Comentário Editorial Edição 64
julho/agosto/setembro de 2015
Many years ago, as a member of Zion’s League and living in the St. Louis, MO area, an event, though somewhat inconsequential at the moment, has given me the opportunity to reflect several times upon what happened and its lasting lesson learned – although not fully understood until these many years later.
In those days of carefree youth, we were a busy and active Zion’s League organization.
The St. Louis District was fortunate to have a husband and wife team, Glen and Zelmar Bond, be the district’s Youth Leaders. They were very much the outdoors family and, along with their three boys, all good friends of mine. They were always providing ways for any young person to be in the water or in the woods, learning from and enjoying the rich fellowship of those days.
On this particular day, while boating and swimming in the Meramec River, a group of us young men decided to swim from one side of the river to the other. It was not an especially long distance, but long enough to challenge the bravest of all of us young men. Somewhere midstream, I gave out. I simply couldn’t swim any farther. As I bobbed up and down in the water, I discovered that the bottom of the river was just deep enough that my head was about six inches from the surface of the water. Like a cork, I bobbed up and down, touching the riverbed with my feet, pushing off and surfacing for air – again and again – all the while slowly being drawn further downstream by the current.
Glen apparently noticed me in distress and brought his motorboat quickly along side of me, reached out, and took my hand. He asked me if I was all right. What a relief I felt. Someone’s hand in mine, getting ready to lift me out of my predicament. But he didn’t.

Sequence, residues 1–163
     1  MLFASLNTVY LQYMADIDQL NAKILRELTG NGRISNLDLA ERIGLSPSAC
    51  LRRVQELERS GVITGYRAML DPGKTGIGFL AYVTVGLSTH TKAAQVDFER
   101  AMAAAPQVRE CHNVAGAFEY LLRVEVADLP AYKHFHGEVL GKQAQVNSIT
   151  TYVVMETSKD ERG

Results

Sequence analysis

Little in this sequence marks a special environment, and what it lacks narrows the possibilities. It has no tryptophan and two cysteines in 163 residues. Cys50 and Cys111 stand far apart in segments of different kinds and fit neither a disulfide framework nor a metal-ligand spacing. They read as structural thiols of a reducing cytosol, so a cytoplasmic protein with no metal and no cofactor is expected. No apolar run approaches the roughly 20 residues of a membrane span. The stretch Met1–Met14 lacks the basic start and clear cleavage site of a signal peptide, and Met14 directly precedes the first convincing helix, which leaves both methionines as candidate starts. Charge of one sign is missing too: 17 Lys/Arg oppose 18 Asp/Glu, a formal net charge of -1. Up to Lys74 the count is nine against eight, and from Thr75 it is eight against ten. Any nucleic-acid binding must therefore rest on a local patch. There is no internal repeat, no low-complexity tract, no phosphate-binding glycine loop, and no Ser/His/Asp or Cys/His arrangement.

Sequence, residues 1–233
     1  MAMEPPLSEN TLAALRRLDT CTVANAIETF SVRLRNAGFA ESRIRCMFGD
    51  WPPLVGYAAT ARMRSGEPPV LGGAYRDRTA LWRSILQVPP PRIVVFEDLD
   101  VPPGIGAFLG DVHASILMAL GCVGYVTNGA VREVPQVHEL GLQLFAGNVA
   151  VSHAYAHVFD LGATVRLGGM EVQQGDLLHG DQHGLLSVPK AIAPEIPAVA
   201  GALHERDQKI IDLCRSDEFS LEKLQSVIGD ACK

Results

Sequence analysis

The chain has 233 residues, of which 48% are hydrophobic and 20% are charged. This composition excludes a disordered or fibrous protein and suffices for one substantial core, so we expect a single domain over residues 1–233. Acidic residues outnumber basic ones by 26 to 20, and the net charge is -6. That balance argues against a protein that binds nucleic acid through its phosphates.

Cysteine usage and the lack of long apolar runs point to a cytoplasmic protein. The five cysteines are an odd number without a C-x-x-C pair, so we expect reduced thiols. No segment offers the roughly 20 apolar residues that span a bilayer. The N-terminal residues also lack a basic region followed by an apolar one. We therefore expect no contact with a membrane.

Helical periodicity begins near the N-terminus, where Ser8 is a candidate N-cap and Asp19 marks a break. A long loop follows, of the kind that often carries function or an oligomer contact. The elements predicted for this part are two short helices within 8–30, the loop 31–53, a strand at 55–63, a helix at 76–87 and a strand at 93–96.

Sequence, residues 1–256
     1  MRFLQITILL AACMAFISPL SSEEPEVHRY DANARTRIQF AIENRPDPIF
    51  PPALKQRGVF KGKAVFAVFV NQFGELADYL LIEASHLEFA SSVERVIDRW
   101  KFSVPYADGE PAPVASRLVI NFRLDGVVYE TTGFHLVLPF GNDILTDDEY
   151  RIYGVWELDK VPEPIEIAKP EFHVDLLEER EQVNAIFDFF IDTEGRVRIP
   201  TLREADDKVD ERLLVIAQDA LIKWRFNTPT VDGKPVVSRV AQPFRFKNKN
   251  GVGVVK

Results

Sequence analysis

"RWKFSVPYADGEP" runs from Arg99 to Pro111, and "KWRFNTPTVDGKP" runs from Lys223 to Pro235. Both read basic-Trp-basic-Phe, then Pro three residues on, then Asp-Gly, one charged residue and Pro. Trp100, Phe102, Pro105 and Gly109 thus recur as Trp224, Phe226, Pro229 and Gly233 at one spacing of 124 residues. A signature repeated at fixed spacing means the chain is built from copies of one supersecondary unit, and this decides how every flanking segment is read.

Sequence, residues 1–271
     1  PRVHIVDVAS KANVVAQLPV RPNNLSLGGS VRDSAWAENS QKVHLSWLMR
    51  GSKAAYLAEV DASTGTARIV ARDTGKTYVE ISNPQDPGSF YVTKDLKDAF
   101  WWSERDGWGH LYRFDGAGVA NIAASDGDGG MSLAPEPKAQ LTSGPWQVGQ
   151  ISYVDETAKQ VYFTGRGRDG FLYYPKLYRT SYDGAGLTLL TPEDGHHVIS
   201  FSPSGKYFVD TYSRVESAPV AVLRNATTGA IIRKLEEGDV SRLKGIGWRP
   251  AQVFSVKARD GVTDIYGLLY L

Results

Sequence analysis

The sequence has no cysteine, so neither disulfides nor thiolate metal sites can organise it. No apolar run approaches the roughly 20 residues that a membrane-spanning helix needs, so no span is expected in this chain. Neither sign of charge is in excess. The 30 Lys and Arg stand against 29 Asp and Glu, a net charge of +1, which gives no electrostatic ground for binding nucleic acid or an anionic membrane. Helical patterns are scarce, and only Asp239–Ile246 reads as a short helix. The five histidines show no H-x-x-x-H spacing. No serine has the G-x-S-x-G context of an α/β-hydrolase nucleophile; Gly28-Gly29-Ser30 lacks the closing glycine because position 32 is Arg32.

After a brief time, he asked if I could make it back to the riverbank. When I said I thought I could, he gave me a little push and I was off on my own again, now swimming back upstream and towards the campsite. It was a struggle, but I made it, on my own, with just a bit of help.
So, what have I learned from this? I suppose the greatest lesson was that, in our times of stress and trial, we often aren’t “removed” from the circumstances surrounding us, but must dig deep inside of ourselves to battle against the seemingly overpowering forces threatening to carry us away or destroy us. As Remnant Saints, these past fifteen years have not been easy ones. We have struggled against forces of the world, of Satan, and sometimes of our own making, in our effort to “swim across the river.” We have sometimes found the riverbed a bit deeper than we anticipated, the current a bit stronger than we thought, and our physical and spiritual strength weaker than we supposed. But the hand of God has always been there, reaching out to support and assist us when necessary.
He has not yet lifted us out of our difficult challenges, but He is always asking us if we are all right. He has then, many times, encouraged us to continue to swim forward, not to return to our former campsite that was comfortable and safe. Yes, He’s even thrown us a few life jackets when needed. Some of us He’s perhaps even taken the time to teach us to swim.
As we look at the rest of this 2015 year, do we find ourselves swimming strongly and decisively toward the Kingdom goal? Do we have the strength and desire to commit ourselves to never stopping, never faltering, in our singular purpose for this life? Yes, the river of life desires to take us from the far shore. The water is deep in places. We do get tired. We do get weak. But there is a hand out there reaching for us, a presence nearby that wants nothing more than to see us, stroke after stroke, make our way to that far, distant shore. Perhaps this will be the year of fulfillment for us. If not, shall we swim on, and on, and on?
Ralph W. Damon
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